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   Review : Pentium 4 Chipset Roundup »  
 

 

 Pentium 4 Chipset Roundup - Preamble
   
 Date  : Apr 2nd, 2002
 Category  : Chipset
 Manufacturer   : Various
 Author  : Jin-Wei Tioh
Earlier this year, Intel introduced the first 0.13-micron process based Pentium 4, based on the "Northwood" core. Prior to this, Pentium 4s were based on the 0.18-micron process "Willamette" core. The die shrink accomplished several important goals : reduce the 217mm^2 surface area of the Willamette (by upwards of 70%), power consumption and heat (due to small, faster switching transistors), and finally cost price per unit. What's more important is that the new cores have fantastic overclocking potential, surely catching the attention of performance users, as the Pentium 4's performance rests heavily on its ability to reach higher clock speeds than the competition (a direct consequence of its "deeper" pipeline architecture). With the planned increase of the Pentium 4's quad-pumped FSB, and the implementation of Hyper-Threading technology, the future certainly looks bright for the Pentium 4 platform.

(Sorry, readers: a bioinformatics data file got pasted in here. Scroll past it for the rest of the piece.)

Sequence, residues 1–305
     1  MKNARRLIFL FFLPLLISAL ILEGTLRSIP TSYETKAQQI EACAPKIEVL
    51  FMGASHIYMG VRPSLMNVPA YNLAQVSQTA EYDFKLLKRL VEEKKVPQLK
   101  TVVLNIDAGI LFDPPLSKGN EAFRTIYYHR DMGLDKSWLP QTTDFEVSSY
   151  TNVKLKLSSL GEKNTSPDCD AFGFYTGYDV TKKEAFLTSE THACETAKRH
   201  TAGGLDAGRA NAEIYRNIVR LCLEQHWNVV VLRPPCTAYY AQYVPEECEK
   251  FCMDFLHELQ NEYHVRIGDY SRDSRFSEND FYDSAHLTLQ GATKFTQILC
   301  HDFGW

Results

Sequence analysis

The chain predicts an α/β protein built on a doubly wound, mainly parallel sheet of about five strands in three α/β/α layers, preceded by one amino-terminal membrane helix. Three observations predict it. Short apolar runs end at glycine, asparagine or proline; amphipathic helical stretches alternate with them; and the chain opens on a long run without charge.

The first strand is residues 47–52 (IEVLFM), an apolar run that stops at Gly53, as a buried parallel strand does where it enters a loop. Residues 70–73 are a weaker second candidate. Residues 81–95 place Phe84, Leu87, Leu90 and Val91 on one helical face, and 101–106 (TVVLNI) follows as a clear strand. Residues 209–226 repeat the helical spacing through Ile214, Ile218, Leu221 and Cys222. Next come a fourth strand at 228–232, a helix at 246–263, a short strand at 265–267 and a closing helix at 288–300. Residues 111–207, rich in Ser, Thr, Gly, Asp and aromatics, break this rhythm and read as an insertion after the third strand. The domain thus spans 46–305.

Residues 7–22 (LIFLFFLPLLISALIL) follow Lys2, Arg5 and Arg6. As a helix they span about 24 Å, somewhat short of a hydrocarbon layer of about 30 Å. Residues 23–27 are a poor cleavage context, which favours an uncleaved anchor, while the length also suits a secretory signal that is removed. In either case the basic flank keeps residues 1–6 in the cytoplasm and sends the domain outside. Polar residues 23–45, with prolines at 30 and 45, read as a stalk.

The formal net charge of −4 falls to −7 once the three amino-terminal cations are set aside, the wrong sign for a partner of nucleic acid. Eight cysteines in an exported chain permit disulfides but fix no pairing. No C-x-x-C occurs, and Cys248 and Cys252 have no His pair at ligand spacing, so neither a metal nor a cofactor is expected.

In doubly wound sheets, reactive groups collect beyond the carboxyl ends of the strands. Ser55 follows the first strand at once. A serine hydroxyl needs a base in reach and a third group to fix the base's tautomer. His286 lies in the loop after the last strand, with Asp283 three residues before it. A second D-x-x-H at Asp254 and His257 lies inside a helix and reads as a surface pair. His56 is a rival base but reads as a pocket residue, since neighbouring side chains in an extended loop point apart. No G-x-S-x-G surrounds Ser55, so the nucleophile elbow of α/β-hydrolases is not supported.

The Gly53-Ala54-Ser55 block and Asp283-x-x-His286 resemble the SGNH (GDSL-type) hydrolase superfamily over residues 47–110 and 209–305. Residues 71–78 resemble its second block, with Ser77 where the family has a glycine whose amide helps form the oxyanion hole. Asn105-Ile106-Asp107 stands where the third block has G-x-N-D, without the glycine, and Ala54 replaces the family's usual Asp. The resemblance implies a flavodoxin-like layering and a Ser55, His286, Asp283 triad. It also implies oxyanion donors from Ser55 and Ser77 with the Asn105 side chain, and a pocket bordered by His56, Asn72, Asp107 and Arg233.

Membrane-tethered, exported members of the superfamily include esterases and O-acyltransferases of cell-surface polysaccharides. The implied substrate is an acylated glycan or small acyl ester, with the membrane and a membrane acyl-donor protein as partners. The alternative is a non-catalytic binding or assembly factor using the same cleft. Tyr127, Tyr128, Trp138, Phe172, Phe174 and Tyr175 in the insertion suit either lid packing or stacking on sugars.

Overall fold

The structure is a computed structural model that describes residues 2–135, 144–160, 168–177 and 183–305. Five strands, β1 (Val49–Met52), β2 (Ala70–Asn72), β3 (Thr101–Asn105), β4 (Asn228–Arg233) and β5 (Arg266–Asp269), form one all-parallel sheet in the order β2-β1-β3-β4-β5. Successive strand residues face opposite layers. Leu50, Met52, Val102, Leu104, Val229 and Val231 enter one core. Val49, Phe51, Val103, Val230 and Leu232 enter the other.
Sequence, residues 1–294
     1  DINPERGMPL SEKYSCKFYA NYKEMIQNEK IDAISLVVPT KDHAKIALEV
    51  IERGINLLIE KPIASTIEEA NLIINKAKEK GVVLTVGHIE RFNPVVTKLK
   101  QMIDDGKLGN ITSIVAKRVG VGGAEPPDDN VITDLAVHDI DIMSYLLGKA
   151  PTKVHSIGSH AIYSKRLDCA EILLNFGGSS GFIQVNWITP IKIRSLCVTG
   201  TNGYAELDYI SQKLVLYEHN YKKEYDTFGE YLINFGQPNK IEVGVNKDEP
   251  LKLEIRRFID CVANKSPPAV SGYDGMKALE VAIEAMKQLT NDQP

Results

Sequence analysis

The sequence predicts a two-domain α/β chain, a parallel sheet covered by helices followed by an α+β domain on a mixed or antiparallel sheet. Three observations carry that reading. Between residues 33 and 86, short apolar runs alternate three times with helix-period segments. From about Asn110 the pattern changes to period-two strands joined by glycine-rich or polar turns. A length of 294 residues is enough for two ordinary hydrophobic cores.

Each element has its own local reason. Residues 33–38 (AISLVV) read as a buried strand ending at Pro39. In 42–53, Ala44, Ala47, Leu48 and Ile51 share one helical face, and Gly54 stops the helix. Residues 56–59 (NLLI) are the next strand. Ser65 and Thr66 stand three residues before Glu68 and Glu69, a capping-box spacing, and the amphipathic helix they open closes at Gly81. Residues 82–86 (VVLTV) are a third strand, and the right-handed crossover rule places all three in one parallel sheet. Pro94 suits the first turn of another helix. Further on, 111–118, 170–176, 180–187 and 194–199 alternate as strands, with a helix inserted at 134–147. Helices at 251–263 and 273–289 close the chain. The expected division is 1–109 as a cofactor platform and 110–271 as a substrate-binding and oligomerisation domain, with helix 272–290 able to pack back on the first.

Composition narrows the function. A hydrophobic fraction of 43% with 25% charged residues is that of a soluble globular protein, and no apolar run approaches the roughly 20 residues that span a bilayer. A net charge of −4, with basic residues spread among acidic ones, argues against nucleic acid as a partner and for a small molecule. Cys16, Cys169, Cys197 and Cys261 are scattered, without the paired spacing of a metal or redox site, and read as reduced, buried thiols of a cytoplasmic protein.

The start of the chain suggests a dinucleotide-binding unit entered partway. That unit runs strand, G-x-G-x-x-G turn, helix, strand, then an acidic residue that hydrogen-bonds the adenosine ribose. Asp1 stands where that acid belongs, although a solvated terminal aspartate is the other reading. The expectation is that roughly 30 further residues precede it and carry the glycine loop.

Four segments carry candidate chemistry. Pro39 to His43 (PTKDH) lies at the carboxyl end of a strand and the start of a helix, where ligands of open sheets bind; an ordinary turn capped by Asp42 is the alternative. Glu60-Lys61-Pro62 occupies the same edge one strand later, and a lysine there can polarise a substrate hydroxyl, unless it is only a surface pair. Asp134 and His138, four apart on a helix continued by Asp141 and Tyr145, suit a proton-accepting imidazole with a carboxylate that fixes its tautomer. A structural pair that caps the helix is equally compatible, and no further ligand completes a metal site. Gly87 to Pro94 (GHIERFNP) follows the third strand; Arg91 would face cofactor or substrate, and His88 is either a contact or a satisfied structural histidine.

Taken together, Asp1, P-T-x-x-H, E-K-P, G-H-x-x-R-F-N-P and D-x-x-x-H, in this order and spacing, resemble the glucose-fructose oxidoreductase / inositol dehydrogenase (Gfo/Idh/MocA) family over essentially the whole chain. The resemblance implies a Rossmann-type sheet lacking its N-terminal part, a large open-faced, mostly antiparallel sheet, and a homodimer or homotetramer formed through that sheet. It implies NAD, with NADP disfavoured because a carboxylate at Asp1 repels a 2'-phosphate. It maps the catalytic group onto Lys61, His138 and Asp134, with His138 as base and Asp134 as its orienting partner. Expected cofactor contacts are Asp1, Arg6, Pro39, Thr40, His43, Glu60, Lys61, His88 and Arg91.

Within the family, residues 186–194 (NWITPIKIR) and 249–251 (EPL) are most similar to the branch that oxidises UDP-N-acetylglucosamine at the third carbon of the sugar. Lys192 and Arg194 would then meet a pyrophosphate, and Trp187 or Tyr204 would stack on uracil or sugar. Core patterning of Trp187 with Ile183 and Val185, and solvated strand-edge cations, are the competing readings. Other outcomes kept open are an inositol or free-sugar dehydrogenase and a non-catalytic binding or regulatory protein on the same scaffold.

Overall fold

Barring the future improvements however, what can an end-user do if he or she wants to get a top performing Pentium 4-based solution today? The performance of the P4 is critically dependant on memory bandwidth, which was why the P4 was launched on the RAMBUS memory platform. Although RAMBUS offered an incredible amount of bandwidth, it had a higher latency, causing its performance to be mixed rather than clearly superior. Coupled with the high price of RAMBUS RIMMs, and the P4 platform looked very unattractive. Intel tried to alleviate this with the i845 SDRAM chipset. Although the costs decreased dramatically, the use of SDRAM left the P4 starved of memory bandwidth, hurting its performance. Performance pundits criticized Intel the lack of P4 DDR support, and VIA promptly responded with their legally controversial P4X266 chipset., the very first DDR chipset. Intel finally bowed to market pressure, releasing the i845 DDR chipset several months later, and also granting use of the P4 bus to SiS, who launched the SiS645 chipset, a DDR-333(!) chipset.

So as it stands, the competition really boils down to this : i845DDR, P4X266 or SiS645? Join us as we take a close look.

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